Sixty-three percent of LA’s population rent their homes. The proportion is higher for Black (76 percent) and Latinx (70 percent) residents. Skyrocketing rents and home prices have made it almost impossible for most renters to save any money to buy a home. With a scarcity of affordable rental housing, most tenants are at the mercy of the private housing market, where rents are increasing faster than wages. About half of LA’s rental housing is regulated by LA’s rent control law, but, due to the landlord-friendly state Costa-Hawkins Act, that law includes “vacancy decontrol,” which incentivizes landlords to harass and evict tenants so they can raise rents.
Low wages and high housing costs produce homelessness: In 2020, there were 66,436 people experiencing homelessness in Los Angeles County. Of these, 41,290 were in the city of Los Angeles, a 60 percent increase since 2015. More than 70 percent of homeless people were unsheltered. About five homeless people died each day in Los Angeles County.
As things got worse, polls repeatedly showed that LA residents ranked housing and homelessness as the city’s most serious problems.
The Origins of the Coalition
In 2018, a few veteran housing activists began talking about raising taxes on LA’s booming real estate economy to help address the city’s housing crisis. The informal discussions were initiated by Denny Zane, executive director of Move LA, a nonprofit group that worked closely with unions, especially the building trades, to run successful countywide ballot measure campaigns to raise taxes to fund public transportation, environmental, and other essential services. Zane was also a longtime tenant activist, a founder of Santa Monicans for Renters Rights, and a former Santa Monica mayor.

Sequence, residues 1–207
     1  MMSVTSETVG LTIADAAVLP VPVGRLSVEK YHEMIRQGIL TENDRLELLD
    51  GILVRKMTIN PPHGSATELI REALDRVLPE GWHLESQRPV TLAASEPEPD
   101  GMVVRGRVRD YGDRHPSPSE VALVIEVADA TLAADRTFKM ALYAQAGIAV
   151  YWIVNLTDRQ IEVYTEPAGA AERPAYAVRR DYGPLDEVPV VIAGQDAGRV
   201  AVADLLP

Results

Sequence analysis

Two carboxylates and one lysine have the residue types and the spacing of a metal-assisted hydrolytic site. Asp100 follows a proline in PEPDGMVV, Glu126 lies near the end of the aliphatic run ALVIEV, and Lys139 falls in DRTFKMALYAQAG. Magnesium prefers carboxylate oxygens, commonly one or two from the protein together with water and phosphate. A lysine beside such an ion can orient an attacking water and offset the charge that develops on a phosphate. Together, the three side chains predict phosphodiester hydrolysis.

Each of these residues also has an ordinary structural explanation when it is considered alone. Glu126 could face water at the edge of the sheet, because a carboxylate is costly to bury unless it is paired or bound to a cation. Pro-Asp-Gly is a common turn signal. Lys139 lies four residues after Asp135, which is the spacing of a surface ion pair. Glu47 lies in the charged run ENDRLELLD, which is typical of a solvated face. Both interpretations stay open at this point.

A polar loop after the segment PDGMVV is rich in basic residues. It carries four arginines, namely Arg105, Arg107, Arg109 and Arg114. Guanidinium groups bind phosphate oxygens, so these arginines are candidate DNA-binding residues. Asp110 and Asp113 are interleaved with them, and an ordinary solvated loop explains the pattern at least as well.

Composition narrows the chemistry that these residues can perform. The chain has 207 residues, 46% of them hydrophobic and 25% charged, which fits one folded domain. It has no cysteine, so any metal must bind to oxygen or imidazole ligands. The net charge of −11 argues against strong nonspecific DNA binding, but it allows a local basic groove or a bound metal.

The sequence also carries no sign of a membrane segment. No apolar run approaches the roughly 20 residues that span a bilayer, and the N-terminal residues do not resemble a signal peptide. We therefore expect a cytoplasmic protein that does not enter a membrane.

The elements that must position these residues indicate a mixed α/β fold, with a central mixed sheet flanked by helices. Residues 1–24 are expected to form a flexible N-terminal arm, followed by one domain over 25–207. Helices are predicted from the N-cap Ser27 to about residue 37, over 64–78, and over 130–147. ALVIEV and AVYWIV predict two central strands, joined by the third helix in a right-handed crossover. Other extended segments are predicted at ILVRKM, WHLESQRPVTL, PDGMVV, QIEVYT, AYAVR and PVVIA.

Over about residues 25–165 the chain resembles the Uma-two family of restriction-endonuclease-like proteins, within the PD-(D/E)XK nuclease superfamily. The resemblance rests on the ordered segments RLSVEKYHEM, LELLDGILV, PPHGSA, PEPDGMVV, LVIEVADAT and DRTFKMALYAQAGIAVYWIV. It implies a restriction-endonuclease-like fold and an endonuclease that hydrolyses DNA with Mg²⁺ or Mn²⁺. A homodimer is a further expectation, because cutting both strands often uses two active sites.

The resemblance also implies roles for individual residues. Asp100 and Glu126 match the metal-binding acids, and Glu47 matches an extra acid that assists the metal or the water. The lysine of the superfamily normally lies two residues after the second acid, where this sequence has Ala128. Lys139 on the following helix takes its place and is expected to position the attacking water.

In November 2019, Zane organized a meeting of about 40 labor, housing, and community activists, held at UNITE HERE’s office, to discuss the idea of a ballot measure campaign that could be a serious game-changer. Most of the people at that meeting agreed that such an effort was needed but were reluctant to commit their organizations’ time or resources.
As LA’s housing crisis got worse, however, the idea kept percolating.
It was clear from the beginning that no campaign could succeed without a combination of the community and tenants’ groups intimate knowledge about the housing crisis and the labor movement’s political influence, financial resources, and large membership.
Activists from different organizations don’t build coalitions simply because they agree about a problem and a solution. It also requires trust—an elusive quality that develops over time. Fortunately, over many years, many LA union and community organizers and activists, and progressive public officials, have joined forces on a range of issue campaigns and electoral fights.
The trust, respect, and personal ties that emerged from those campaigns was a key ingredient in recruiting activists and organizations to discuss and launch a bold housing campaign that became Measure ULA. It took more than a year of one-on-one conversations with leaders of the labor and housing justice groups, to move the idea forward. Getting the LA-Orange County Building Trades Council to join the conversation was a major turning point. Laura Raymond (executive director of ACT-LA) and April Verrett (president of SEIU Local 2015) served as the campaign’s co-chairs.